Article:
About Leavitt Falls
Leavitt Falls was an attractive multi-tiered waterfall tumbling several hundred feet that was essentially a roadside stop.
It was one of the more convenient waterfalls to visit because all that was required was a short jaunt to a lookout to experience it.
The viewing deck afforded us a distant view of all the tiers of the waterfall itself while also giving us a commanding view of Leavitt Meadow further downstream of the falls.
We were even able to glimpse the drier terrain further to the east as the climate was making its dramatic change from lush alpine scenery in the west to the much drier and harsher climate to the east.
It was as if we were right at the boundary of where the Eastern Sierra would take most of the precipitation of passing storms from the Pacific while leaving a drier rainshadow on the mountain range’s leeward side.
Indeed, Leavitt Falls and all of the relevant sights here were quite figuritively handed to us on a silver platter.
So this was really a place to have a picnic, stretch the legs, and even make a FaceTime call as we were getting surprisingly good reception at this spot!
Trying to seek a way to get closer to Leavitt Falls
With such a distant view of Leavitt Falls, it was natural to try to seek out a way to get closer to it.
Since we had to do so little to experience the sights and sounds of Leavitt Falls, I could see evidence of other people that were tempted to scramble around for such alternate views.
Apparently, some have even tried to find a way to access the bottom of the falls nestled within a box canyon.
Out of curiosity, I followed one informal trail that continued past a couple of picnic tables on the far side of the small parking area.
It eventually went to a suboptimal view of the main drop of Leavitt Falls.
Indeed, from looking at where some of the footprints were going, it was clear that it wasn’t a very sane thing to do to try to get any closer to the falls.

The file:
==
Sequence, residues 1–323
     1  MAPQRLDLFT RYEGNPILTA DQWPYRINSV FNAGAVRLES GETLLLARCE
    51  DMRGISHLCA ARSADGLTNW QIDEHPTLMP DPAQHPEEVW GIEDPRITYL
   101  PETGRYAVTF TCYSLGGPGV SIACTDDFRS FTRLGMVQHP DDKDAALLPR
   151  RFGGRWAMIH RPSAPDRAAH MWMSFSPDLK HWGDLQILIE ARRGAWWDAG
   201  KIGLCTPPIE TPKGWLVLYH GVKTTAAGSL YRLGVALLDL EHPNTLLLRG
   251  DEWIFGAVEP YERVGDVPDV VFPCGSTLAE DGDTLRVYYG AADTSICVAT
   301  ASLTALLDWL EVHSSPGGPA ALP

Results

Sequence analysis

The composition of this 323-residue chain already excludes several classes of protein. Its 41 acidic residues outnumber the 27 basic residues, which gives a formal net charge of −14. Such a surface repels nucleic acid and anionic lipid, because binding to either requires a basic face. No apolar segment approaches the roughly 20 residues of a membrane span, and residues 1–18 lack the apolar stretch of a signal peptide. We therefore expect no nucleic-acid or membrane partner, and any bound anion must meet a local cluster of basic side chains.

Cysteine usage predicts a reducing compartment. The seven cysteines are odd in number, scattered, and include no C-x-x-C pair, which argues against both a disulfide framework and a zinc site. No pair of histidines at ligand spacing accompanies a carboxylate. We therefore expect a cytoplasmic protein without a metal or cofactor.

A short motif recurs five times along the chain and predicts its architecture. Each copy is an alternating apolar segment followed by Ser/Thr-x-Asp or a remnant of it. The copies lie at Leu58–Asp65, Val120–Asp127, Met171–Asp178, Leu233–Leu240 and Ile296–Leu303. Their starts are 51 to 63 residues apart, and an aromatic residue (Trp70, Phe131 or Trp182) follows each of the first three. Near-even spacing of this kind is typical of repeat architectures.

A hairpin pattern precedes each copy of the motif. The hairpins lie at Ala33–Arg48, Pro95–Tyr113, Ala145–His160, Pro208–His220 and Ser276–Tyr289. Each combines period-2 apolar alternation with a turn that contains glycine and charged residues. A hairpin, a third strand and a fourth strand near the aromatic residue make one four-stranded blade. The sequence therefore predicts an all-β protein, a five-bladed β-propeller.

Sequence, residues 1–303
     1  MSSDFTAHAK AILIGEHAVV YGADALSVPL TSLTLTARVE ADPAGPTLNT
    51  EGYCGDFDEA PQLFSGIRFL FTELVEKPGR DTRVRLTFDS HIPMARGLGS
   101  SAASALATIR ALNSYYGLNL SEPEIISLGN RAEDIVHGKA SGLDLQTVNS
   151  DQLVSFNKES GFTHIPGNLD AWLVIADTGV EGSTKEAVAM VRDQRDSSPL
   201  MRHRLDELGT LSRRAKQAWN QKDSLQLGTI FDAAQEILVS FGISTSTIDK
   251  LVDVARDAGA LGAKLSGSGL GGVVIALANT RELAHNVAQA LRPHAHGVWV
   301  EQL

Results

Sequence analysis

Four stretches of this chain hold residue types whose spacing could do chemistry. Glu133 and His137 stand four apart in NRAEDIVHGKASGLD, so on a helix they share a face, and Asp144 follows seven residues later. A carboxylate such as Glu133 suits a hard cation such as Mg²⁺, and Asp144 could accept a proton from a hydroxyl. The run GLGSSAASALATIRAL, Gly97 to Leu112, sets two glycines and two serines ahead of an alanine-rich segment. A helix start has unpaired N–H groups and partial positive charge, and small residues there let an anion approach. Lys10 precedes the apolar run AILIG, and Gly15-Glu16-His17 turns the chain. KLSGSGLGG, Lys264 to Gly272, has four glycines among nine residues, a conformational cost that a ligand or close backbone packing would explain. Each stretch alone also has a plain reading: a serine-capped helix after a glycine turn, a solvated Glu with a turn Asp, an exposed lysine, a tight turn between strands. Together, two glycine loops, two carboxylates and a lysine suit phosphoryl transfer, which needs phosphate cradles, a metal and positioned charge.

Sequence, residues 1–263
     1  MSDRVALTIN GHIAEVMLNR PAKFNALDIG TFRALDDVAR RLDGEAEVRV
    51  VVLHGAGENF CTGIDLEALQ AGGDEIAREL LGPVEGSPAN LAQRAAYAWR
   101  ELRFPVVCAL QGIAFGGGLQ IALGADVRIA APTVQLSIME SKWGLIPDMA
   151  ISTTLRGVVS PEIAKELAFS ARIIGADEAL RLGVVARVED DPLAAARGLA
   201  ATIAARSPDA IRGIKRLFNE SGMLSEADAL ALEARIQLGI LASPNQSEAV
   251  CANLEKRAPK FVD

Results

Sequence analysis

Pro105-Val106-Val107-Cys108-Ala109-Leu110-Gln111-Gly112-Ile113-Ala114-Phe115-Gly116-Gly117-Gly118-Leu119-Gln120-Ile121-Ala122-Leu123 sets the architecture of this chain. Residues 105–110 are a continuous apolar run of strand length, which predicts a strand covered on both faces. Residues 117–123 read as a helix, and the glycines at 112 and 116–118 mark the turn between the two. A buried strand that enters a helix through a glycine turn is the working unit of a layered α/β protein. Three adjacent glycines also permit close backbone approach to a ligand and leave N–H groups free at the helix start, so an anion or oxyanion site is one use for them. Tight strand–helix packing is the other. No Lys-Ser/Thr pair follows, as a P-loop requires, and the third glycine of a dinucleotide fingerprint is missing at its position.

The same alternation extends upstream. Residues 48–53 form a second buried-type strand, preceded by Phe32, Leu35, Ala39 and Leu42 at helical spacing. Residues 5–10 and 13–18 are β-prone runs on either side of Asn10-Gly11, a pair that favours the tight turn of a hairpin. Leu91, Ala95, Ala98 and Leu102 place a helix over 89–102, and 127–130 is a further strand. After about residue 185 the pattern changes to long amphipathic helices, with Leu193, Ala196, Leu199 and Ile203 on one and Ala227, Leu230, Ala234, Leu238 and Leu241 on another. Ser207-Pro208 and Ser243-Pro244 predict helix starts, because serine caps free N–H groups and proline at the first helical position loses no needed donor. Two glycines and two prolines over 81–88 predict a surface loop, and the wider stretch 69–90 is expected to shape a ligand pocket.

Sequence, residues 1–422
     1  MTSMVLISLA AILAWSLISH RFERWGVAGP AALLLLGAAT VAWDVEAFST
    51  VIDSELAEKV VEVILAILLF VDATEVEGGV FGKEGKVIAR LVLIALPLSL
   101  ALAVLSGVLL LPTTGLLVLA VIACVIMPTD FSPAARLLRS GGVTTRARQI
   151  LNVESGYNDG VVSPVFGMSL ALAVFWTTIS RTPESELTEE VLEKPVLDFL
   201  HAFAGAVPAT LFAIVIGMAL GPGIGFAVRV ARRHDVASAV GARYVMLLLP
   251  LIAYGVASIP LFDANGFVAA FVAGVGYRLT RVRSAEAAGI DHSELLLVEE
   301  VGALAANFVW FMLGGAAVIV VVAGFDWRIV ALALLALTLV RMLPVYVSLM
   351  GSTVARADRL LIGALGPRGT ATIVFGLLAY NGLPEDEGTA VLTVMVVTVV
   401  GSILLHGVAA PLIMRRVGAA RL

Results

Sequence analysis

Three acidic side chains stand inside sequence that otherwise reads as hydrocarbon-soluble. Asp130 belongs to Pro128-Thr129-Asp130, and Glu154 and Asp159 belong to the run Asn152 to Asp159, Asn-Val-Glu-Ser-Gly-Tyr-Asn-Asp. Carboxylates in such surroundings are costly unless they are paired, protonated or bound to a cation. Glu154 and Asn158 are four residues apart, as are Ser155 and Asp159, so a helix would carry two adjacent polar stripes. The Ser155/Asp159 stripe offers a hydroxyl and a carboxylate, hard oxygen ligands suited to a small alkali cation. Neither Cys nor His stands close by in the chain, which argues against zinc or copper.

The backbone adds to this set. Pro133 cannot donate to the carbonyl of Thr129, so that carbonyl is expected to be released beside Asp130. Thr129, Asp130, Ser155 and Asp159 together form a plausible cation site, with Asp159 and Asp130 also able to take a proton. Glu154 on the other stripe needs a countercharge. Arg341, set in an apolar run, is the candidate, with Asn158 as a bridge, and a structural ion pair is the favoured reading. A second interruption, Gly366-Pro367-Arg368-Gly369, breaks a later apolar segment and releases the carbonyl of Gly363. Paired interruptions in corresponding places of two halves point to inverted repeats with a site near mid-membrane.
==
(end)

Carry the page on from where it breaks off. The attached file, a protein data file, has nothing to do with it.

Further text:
After all, the steepness of the terrain and the lack of improved views (the main overlook really was the best spot to take it all in) just seemed like too much risk for too little reward.
Truth be told, it wasn’t worth the extra time or effort in my mind.
Leavitt Falls resides in the Humboldt-Toiyabe National Forest near Bridgeport in Mono County, California. It is administered by the USDA Forest Service. For information or inquiries about the area as well as current conditions, visit their website.
In our first visit here, we did it as an out-and-back driving excursion from Mammoth Lakes, which is how I’d imagine most people would make this visit given that Mammoth seemed to be a logical base for much of this part of the Eastern Sierras.
It took us about an hour to drive 54 miles on the Hwy 395 from Mammoth north to Bridgeport.
Heading north from Bridgeport we continued along Hwy 395 for just under 17 miles to its junction with the Sonora Pass Highway (Hwy 108).
Turning left onto Hwy 108, we then drove for about 8.5 miles as the road passed some kind of military base before climbing steeply eventually leading up to the signposted turnoff for “Leavitt Falls Vista” on the left.
Coming from the opposite direction from say South Lake Tahoe, we drove 85 miles via a combination of Hwy 207 then Hwy 395 to the Sonora Pass Highway turnoff on the right.
Then we followed Hwy 108 to the roadside vista as described above.
To give you some geographical context, Mammoth Lakes was 310 miles (about 5 hours drive) north of Los Angeles and 139 miles (over 2.5 hours drive) south of South Lake Tahoe.
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